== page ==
Friday, April 20, 2012
Suit Against Charity Over Director’s Removal Held No SLAPP
By a MetNews Staff Writer
A suit by a Los Angeles attorney against the directors of a major Southern California charitable foundation, alleging that he was illegally removed from its board, was not a strategic lawsuit against public participation, the Court of Appeal for this district has ruled.
Div. Four revived a suit by James M. Donovan against the Dan Murphy Foundation.
Donovan claimed that a majority of his fellow directors wrongfully voted him off the board in 2009, following a number of disputes. Donovan alleged that assets were mismanaged, that fellow directors refused to provide him with information about investments, that other directors had conflicts of interest, that the compensation of officers had been illegally increased without a vote of the board, and that the board had improperly approved significant unsecured loans.
He filed suit in August 2010.
In moving to strike under Code of Civil Procedure Sec. 425.16, the foundation and the individual directors claimed that Donovan’s suit lacked merit, and that it arose from free speech and petition activity in connection with a public issue. Los Angeles Superior Court Judge Mary Ann Murphy agreed and granted the motion.
Murphy reasoned that the anti-SLAPP statute applied because the suit arose from protected activity, and that Donovan’s claims lacked the minimal merit needed to survive the motion.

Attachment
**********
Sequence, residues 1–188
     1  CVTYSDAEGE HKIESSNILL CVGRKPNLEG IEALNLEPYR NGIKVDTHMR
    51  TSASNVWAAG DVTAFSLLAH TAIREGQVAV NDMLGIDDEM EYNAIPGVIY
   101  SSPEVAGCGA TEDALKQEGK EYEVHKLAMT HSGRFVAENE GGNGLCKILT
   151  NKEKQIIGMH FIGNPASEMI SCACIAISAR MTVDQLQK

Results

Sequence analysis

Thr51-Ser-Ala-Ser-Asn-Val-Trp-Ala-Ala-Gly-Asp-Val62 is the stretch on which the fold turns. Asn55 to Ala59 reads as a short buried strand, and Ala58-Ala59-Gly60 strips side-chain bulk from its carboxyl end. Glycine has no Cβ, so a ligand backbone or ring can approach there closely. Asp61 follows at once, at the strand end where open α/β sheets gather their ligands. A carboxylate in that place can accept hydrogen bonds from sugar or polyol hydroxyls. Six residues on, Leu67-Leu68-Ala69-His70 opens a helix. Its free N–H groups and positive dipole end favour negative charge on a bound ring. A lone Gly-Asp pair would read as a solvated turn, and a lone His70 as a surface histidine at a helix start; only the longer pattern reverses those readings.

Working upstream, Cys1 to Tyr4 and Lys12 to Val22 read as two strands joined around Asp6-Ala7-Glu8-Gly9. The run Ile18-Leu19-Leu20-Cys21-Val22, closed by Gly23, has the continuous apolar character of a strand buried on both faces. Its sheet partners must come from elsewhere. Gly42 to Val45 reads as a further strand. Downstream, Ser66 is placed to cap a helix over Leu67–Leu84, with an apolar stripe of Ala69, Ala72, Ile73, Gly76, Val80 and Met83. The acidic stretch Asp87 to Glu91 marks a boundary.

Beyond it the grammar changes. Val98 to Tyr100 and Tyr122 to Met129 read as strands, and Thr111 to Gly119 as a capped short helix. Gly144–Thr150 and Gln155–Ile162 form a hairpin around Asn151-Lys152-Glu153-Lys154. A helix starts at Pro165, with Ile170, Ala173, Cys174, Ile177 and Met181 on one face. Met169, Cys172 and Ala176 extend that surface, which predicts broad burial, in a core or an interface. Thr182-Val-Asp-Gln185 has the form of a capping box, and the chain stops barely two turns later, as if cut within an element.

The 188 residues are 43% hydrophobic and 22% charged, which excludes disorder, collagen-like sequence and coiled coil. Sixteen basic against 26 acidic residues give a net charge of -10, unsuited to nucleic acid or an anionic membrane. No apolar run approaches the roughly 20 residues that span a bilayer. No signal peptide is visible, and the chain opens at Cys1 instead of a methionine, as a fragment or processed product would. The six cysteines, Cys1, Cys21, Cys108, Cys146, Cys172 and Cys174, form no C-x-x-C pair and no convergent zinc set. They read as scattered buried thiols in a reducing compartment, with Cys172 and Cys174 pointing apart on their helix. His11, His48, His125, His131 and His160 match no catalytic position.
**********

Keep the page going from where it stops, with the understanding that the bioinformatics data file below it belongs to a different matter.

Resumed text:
Justice Nora Manella, writing for the Court of Appeal, however, said the motion should have been denied, without a ruling on the merits, because the claims did not implicate free speech or petition activity.
The defendants, she noted, did not allege that the suit arose from any writing or speech. “More importantly, a board of directors meeting by a nonprofit charitable organization is not an ‘official proceeding authorized under law’ for the purposes of section 425.16, subdivision (e)(2),” the justice wrote.
Manella acknowledged that the foundation’s activities affect large numbers of individuals who benefit from the activities it supports. But that alone does not make its governance a public issue or a matter of public interest for purposes of the anti-SLAPP law.
“Respondents presented no evidence of widespread public interest in the financial oversight or governance of the Foundation,” the justice wrote. “They submitted no news articles indicating that the public was interested in these issues, or even in the dispute among directors of the Foundation. “
Donovan was represented on appeal by Michael J. Glenn of the Law Offices of James M. Donovan and by Horvitz & Levy’s Jeremy B. Rosen. Andrew J. Waxler and Chrisopher L. Wong of Waxler, Carner, Brodsky represented the defendants.
The case is Donovan v. Dan Murphy Foundation, 12 S.O.S. 1734.
Copyright 2012, Metropolitan News Company